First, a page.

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Session 10
Sampling Weights:
an appreciation
Session Objectives
To provide you with an overview of the role of
sampling weights in estimating population parameters
To demonstrate computation of sampling weights for
a simple scenario
To highlight difficulties in calculating sampling weights
for complex survey designs and the need to seek
professional expertise for this purpose
To learn about file merging and continue with the ongoing project work
What are sampling weights?
Real surveys are generally multi-stage
At each stage, probabilities of selecting units at that
stage are not generally equal
When population parameters like a mean or
proportion is to be estimated, results from lower
levels need to be scaled-up from the sample to the
This scaling-up factor, applied to each unit in the
sample is called its sampling weight.
A simple example
Suppose for example, a simple random sample
of 500 HHs in a rural district (having 7349 HHs in
total) showed 140 were living below the poverty line
Hence total in population living below the poverty
line = (140/500)*7349 =2058
Data for each HH was a 0,1 variable, 1 being allocated
if HH was below poverty line.
Multiplying this variable by 7349/500=14.7 & summing
would lead to the same answer.
i.e. sampling weight for each HH = 14.7
Why are weights needed?
Above was a trivial example with equal
probabilities of selection
In general, units in the sample have very differing
probabilities of selection
To allow for unequal probabilities of selection, each
unit is weighted by the reciprocal of its probability of
Thus sampling weight=(1/prob of selection)
An example
Consider a conveniently rectangular forest with
a river running down in the middle, thus dividing
the forest into Region 1 and Region 2.
Region 1 is divided into 96 strips, each 50m x 50m,
while Region 2 is divided into 72 strips.
Data are the number of small trees and the number of
large trees in each strip.
Aim: To find the total number of large trees, the total
number of small trees, and hence the total number of
trees in the forest.
Weights in stratified sampling
Each region can be regarded as a stratum: 8
strips were chosen from region 1 and 6 from region 2.
Mean number of large trees per strip were:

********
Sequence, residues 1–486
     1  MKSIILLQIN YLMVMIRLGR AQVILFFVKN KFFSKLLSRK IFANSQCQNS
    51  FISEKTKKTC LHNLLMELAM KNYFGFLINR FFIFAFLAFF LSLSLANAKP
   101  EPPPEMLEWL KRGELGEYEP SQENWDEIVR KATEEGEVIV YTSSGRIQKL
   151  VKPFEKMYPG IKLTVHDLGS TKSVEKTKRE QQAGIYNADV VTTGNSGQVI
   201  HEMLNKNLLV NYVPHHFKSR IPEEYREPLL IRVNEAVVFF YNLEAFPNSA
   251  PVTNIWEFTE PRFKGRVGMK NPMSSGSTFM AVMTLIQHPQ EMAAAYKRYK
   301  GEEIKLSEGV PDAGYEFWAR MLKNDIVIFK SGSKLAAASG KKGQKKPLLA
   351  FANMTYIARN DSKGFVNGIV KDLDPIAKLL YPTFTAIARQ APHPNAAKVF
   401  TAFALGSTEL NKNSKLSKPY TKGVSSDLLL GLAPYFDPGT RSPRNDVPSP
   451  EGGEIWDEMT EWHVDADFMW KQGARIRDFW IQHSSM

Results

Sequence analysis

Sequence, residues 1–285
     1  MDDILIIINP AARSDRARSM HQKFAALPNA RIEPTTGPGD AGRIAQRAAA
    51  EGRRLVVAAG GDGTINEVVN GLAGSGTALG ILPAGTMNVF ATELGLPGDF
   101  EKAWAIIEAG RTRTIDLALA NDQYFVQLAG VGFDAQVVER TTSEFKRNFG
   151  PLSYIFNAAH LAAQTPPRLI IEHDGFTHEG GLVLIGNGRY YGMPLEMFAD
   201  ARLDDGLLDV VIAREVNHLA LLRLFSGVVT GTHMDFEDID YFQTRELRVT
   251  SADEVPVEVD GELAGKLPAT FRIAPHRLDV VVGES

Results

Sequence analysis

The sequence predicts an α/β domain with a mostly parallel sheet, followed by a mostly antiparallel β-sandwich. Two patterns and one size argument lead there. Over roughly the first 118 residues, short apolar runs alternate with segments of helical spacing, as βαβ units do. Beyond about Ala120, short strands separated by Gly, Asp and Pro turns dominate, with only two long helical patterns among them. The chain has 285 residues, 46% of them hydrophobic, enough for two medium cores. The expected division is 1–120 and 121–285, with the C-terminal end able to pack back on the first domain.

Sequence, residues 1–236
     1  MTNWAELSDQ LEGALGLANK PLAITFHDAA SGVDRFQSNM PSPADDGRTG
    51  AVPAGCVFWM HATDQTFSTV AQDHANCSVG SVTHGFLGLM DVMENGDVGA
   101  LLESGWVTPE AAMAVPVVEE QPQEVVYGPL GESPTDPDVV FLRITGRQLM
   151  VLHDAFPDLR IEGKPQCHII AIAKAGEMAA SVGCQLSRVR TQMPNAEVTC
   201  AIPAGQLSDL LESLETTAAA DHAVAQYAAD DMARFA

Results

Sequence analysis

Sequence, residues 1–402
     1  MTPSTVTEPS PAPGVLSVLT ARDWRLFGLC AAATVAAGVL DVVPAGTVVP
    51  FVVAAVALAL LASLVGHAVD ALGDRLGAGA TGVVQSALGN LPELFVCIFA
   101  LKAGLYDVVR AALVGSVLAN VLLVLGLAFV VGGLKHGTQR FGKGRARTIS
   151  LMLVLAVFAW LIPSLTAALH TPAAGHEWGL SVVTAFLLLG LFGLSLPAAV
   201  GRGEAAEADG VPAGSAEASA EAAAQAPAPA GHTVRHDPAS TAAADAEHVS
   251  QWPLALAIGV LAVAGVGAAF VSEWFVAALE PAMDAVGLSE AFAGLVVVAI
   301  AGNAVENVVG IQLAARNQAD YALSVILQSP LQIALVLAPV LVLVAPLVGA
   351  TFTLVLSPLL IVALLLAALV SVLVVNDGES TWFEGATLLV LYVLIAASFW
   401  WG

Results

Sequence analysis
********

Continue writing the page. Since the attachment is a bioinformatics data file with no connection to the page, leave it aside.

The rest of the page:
 97.875 in region 1, based on n1=8
 83.500 in region 2, based on n2=6
Hence total number of large trees in the forest can be
computed as
(96*97.875) + (72*83.5) = 15408
So what are the sampling weights used for each unit
The sampling weights are the same for all strips,
whether in region 1 or region 2. Why is this?
What are the probabilities of selection here?
 In region 1, each unit is selected with prob=8/96
 In region 2, each unit is selected with prob=6/72
A design where probabilities of selection are equal for
all selected units is called a self-weighting design.
Regarding the sample as a simple random sample then
gives us the correct mean.
Results for means
Easy to see that the mean number of large trees
in the forest is
[(96/168)*97.875 ] + [(72/168)*83.5] = 91.71
Regarding the 14 observations as though they were
drawn as a simple random sample gives 91.71, i.e. the
same answer.
The results for variances however differ
 Variance of stratified sample mean=1.28
 Variance of mean ignoring stratification = 2.18
More on weights
Important to note that the weights used in
computing a mean, i.e.
 (96/168)*(1/8) = 1/14 for strips in region 1, &
 (72/168)*(1/6) = 1/14 for strips in region 2,
are not sampling weights
Sampling weights refer to the multiplying factor when
estimating a total.
Essentially they represent the number of elements in
the population that an individual sampling unit
Other uses of weight
Weights are also used to deal with
non-responses and missing values
If measurements on all units are not available
for some reason, may re-compute the sampling
weights to allow for this.
e.g. In conducting the Household Budget Survey
2000/2001 in Tanzania, not all rural areas planned in
the sampling scheme were visited. As a result,
sampling weights had to be re-calculated and used in
the analysis.
Computation of weights
General approach is to find the probability of
selecting a unit at every stage of the sample
selection process
e.g. in a 3-stage design, three set of probabilities will
Probability of selecting each final stage unit is then the
product of these three probabilities
The reciprocal of the above probability is then the
sampling weight
Difficulties in computations
Standard methods as illustrated in textbooks on
sampling, often do not apply in real surveys
Complex sampling designs are common
Computing correct probabilities of selection can then
be very challenging
Usually professional assistance is needed to determine
the correct sampling weights and to use it correctly in
the analysis
Software for dealing with weights
When analysing data from complex survey
designs, it is important to check that the software
can deal with sampling weights
Packages such as Stata, SAS, Epi-info have facilities
for dealing with sampling weights
However, need to be careful that the approaches used
are appropriate for your own survey design
Note: Above discussion was aimed at providing you with
an overview of sampling weights. See next slide for
work of the remainder of this session.
Practical work
To understand how files may be merged, work
through sections 10.5 and 10.6 of the Stata Guide.
Now move to your project work and practice file
merging to address objectives 4 and 5 of your task.
A description of the work you should undertake is
provided in the handout titled Practical 10.
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